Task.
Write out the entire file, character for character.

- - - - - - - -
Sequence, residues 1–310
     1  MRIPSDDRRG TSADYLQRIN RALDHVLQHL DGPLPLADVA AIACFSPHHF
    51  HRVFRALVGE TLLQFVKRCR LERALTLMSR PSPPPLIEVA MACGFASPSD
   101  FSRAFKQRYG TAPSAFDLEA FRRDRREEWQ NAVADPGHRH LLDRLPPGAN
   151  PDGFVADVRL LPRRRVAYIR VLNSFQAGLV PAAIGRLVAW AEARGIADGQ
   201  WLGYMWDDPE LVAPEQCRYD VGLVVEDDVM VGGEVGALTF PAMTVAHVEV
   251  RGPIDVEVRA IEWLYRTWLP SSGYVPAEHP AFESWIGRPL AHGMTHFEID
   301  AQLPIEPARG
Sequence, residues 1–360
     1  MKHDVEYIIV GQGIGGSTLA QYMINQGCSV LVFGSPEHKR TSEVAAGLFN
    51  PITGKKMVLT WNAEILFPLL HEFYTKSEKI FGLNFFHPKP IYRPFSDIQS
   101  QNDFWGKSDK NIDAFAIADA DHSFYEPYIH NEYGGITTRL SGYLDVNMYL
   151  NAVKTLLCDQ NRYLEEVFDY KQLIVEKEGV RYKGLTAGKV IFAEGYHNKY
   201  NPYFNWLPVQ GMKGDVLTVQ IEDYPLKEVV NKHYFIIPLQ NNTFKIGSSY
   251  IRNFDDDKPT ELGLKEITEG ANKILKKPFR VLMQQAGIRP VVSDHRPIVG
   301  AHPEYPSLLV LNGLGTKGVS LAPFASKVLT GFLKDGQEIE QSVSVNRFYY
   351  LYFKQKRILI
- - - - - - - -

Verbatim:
Sequence, residues 1–310
     1  MRIPSDDRRG TSADYLQRIN RALDHVLQHL DGPLPLADVA AIACFSPHHF
    51  HRVFRALVGE TLLQFVKRCR LERALTLMSR PSPPPLIEVA MACGFASPSD
   101  FSRAFKQRYG TAPSAFDLEA FRRDRREEWQ NAVADPGHRH LLDRLPPGAN
   151  PDGFVADVRL LPRRRVAYIR VLNSFQAGLV PAAIGRLVAW AEARGIADGQ
   201  WLGYMWDDPE LVAPEQCRYD VGLVVEDDVM VGGEVGALTF PAMTVAHVEV
   251  RGPIDVEVRA IEWLYRTWLP SSGYVPAEHP AFESWIGRPL AHGMTHFEID
   301  AQLPIEPARG
Sequence, residues 1–360
     1  MKHDVEYIIV GQGIGGSTLA QYMINQGCSV LVFGSPEHKR TSEVAAGLFN
    51  PITGKKMVLT WNAEILFPLL HEFYTKSEKI FGLNFFHPKP IYRPFSDIQS
   101  QNDFWGKSDK NIDAFAIADA DHSFYEPYIH NEYGGITTRL SGYLDVNMYL
   151  NAVKTLLCDQ NRYLEEVFDY KQLIVEKEGV RYKGLTAGKV IFAEGYHNKY
   201  NPYFNWLPVQ GMKGDVLTVQ IEDYPLKEVV NKHYFIIPLQ NNTFKIGSSY
   251  IRNFDDDKPT ELGLKEITEG ANKILKKPFR VLMQQAGIRP VVSDHRPIVG
   301  AHPEYPSLLV LNGLGTKGVS LAPFASKVLT GFLKDGQEIE QSVSVNRFYY
   351  LYFKQKRILI